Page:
Reblogged from CURMUDGUCATION
Just before Christmas, the Seattle Times provided coverage of the Gates Foundation’s report about their decade’s worth of progress with their goal of fixing the world (the Grand Challenge). After a billion dollars spent on improving lives and health care in the developing world, Gates had to report, “I was pretty naive about how long the process would take.”
In his quest to make the world a better place, Gates invested in all sorts of research. But it turns out that research can only happen as fast as it can happen. Sometimes science takes time.
Not only did he underestimate some of the scientific hurdles, Gates said. He and his team also failed to adequately consider what it would take to implement new technologies in countries where millions of people lack access to basic necessities such as clean water and medical care.
The foundation has tweaked the Grand Challenges approach in a variety of ways, but still doesn’t really know whether any of it is actually succeeding. In many cases, they know it is not. There are several examples, but let’s look at toilets.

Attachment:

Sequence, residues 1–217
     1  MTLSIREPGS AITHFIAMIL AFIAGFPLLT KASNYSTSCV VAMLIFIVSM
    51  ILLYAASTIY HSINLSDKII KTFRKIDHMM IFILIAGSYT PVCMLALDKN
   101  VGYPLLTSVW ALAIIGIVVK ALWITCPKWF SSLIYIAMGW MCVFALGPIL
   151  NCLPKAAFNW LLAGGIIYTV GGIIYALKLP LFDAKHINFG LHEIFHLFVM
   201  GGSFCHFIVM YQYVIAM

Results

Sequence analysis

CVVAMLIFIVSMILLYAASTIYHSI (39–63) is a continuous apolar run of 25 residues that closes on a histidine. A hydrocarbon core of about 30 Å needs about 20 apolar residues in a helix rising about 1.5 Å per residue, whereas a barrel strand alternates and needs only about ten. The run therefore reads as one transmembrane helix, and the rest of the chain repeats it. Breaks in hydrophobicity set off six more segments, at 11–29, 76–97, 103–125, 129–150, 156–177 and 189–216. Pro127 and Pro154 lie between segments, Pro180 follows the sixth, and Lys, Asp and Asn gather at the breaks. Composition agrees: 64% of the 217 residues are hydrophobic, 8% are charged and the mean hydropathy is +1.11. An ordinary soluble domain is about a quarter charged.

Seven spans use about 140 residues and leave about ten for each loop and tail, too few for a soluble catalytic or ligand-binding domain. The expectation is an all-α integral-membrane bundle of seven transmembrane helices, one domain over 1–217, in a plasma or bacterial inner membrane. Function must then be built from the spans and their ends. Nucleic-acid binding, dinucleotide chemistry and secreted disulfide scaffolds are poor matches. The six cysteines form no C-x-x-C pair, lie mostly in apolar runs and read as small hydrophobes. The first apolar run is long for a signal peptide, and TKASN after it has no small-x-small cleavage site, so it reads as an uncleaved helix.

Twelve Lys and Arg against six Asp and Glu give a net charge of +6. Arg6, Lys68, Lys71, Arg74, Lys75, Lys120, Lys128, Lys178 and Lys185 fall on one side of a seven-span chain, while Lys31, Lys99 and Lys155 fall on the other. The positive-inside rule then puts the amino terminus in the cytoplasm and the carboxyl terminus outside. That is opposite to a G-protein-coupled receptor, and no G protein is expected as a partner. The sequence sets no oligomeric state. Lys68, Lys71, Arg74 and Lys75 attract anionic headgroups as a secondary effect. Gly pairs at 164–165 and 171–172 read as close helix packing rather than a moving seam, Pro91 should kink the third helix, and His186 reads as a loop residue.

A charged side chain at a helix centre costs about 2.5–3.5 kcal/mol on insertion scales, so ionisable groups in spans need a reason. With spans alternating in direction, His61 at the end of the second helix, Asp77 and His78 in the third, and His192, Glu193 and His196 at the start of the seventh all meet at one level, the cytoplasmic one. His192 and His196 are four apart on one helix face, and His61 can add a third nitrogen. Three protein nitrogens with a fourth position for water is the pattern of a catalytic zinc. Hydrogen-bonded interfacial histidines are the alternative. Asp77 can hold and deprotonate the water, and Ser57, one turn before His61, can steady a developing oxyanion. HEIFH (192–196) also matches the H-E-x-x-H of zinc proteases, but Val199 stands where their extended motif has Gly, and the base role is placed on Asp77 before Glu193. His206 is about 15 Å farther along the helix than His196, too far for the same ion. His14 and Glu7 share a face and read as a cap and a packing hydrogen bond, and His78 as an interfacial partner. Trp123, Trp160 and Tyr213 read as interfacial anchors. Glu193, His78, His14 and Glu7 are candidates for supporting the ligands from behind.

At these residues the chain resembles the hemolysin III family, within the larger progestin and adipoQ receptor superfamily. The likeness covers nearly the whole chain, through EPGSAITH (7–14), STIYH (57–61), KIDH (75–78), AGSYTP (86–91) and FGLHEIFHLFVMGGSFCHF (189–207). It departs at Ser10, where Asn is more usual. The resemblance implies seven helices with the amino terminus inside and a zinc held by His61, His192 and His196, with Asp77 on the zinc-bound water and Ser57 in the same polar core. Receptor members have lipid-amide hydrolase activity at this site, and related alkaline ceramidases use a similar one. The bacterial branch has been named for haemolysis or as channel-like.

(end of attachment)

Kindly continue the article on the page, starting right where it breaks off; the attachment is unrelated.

Gates funded high-tech toilets in the Indian city of Raichur, at a cost of $8,000 each. These beauties have automatic sensors that run lights, fans and FM radio when a patron uses them. Some prototypes in the toilets project wing of Grand Challenges also throw in solar power and other amenities. But in Raichur, the rollout had some technical difficulties, and then- the public just didn’t use them.
As it turns out, there are already people working on the toilet problem, but not with high tech answers. Jason Kass, founder of Toilets for People (which, as a name– really? to distinguish them from Toilets for Cattle?) took Gates to task in a New York Times piece “Bill Gates Can’t Build a Toilet” in which he notes, “If the many failed development projects of the past 60 years have taught us anything, it’s that complicated, imported solutions do not work.” Read more>>